I left about 1/16″ extra width on each side and ran them across my jointer (some pieces weighed about 30 pounds and were six feet long rough length) to remove the saw marks.

After eventually getting all the joinery cut, a few “you gotta be kidding me” moments, a lot of sanding (random orbit and hand) I am finally at a point, almost, to begin the finishing process (I can’t wait for more sanding after raising the grain).

The stain is a very dark brown so that should hide any of my “sins” I missed. And hopefully in another month I can actually work on other things.

It has been very frustrating at times, but I have learned quite a bit that I can use on future projects.

So you won’t feel too sorry for me, I have taken minor breaks from time to time for some quickies; replace some fluted trim pieces on my house and make a storage piece for my wife.

I belong to a woodturning club and for the latest break I turned a small bowl at a recent mini-retreat we had. It was the first bowl I have ever turned and I took the time to finish it for my wife. And for my first ever bowl it came out pretty well.

But now it is back to the bookcase. I know it will be finished, it just does not feel like it.


My drawer boxes are almost done and they look really good (my wife says) – they do not fit. Well, one of them does (actually they all fit in the first opening) and a second fits in the next space except it stands proud of the face of the cabinet. And no I did not try them in the cabinet before I started putting finish on them (lesson learned). But I still would have had the same problem, so it really does not matter – except for having to repeat the finishing steps on the sides.

Unfortunately that second one I cannot do anything about as it is the one where one of the corner pieces I made that push on the finger joints to get them seated completely while the glue dries. So it is out of square on that corner.

I measured all of the openings in this existing cabinet and they are all the same, so I sized my drawer boxes to be slightly smaller than that.  And all of the boxes came out the size I planned – Note to self: apparently only 1/16″ smaller is not smaller enough so go for 1/8″ next time. Another thing I think might have contributed to the problem; it has been fairly humid lately so the wood could have “absorbed” enough moisture to make them a bit bigger, but it is probably just me not making them small enough.

So I’m faced with needing to reduce the width of four finger jointed drawer boxes by 1/32″ on each side. I could hand plane them but I am not near good enough with a hand plane to do that as I would have to plane from one end to the middle and then from the other end to the middle so I would not tear out any face grain. And my ending up with a consistent thickness is not very likely.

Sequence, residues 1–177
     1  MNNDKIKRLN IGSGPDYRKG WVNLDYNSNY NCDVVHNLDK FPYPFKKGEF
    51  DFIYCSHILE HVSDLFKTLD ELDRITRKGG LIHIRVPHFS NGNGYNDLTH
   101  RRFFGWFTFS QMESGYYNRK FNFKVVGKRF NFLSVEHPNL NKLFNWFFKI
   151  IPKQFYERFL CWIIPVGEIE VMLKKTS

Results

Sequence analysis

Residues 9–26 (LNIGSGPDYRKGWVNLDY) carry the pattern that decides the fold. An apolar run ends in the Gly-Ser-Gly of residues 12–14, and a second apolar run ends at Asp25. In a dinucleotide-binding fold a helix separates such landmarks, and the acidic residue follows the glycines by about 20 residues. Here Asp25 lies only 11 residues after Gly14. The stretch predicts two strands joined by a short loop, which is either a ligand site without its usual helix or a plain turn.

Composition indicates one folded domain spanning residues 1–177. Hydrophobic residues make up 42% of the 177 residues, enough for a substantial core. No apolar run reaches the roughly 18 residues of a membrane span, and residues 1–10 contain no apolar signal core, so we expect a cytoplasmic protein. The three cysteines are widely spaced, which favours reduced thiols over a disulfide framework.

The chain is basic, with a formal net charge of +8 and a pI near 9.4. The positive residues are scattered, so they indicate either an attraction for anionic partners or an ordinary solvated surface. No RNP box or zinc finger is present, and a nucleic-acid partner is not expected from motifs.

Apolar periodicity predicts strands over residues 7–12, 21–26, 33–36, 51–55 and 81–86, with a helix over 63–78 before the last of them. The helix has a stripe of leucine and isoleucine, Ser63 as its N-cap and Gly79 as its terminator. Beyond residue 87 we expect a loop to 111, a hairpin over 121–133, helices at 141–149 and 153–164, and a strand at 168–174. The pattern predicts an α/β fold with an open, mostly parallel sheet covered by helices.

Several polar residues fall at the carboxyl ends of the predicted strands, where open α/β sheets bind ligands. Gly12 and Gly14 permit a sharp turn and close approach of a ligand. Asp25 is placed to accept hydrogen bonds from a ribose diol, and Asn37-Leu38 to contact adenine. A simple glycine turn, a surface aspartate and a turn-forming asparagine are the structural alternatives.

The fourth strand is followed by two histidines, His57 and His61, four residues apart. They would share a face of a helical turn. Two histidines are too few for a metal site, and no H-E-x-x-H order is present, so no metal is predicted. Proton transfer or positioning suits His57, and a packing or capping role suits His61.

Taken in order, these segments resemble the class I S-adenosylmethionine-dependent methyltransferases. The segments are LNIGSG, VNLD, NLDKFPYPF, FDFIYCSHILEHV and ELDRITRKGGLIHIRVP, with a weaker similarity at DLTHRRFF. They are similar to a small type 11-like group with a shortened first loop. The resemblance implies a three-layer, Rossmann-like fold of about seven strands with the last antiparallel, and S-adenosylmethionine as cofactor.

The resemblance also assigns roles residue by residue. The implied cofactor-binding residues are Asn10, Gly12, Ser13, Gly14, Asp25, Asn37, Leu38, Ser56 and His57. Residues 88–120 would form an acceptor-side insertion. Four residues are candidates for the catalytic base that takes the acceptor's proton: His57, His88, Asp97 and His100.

I could use my bandsaw, but my table is not wide enough to keep the bottom of these boxes flat throughout the cut.

So I have come up with a plan for using my tablesaw. I need to clamp a sacrificial piece of wood at the front and back corners so the blade will tear out that face grain, and not my drawer face grain.

I have found that my saw blade does not come up as far as my boxes are tall, so I will have to plane off that 1/8″ it does not reach.

All in all, just more lessons learned! And I have trimmed using my tablesaw and did try them in the cabinet and they do fit. Yay!

But all in all I am a bit bumfuzzled as to why they do not fit since I only made them 1/16″ smaller. Oh well, some things are just not meant to be known.


Well at least for me anyway.

As I mentioned in my last post I am now making three more drawers/boxes for my wife. And from my experience with the last three I cut the finger joints on my router table, and this time I DID make the pieces wider so I could cut off and hand plane them to get the width I want. Plus not trying to use a table saw jig this time saved a huge amount of time.

And I decided that instead of cutting the groove for the bottoms completely across all of the pieces, on the sides I would make stopped grooves. One the last three drawers/boxes cutting the grooves from one end to the other meant that the fingers at each end had voids that I had to fill to maintain the finger joint look, and it took quite awhile to hand plane pieces to fit in those spaces (and really did not look all that great – to me anyway though others probably will not notice).

So I figured out where to place stop blocks on each side of my router bit and after a couple of trials, and adjustments,  made the grooves. With the stopped grooves the fingers on the ends are whole (mostly) , and the part of the finger left will be inside its’ mating slots; well that is the plan at least.

Something that happened again was some of the slots are wider than others so there are gaps on each side of the fingers. One the last three drawers/boxes I thought it was something I had done wrong, but since it has occurred again it has to be something else.

One each drawer there are a total of 52 slots that have to be cut, for a grand total of 156 for all three. I cut these without stopping, as I did last time, and when I finished noticed that my router lift was REALLY hot. The only thing I can figure out is that the heat from the router must have transferred to the router bit causing it to expand enough, at some point, so that some of the slots are wider than the ones cut before that point.

Now I am faced with having to fill those gaps after my glue ups and my current plan of attack is to mix some saw dust with glue to make a filler and force it into those voids, sanding everything flush once the glue has dried. It is not something I want to be doing, but the prospect of trying to make really thin “shims” to wedge in the grooves appeals to me even less.

One other thing, not really related to much, is that I would have added a picture or two to one of the posts about these drawers except that our camera has quit taking pictures that are worth a flip.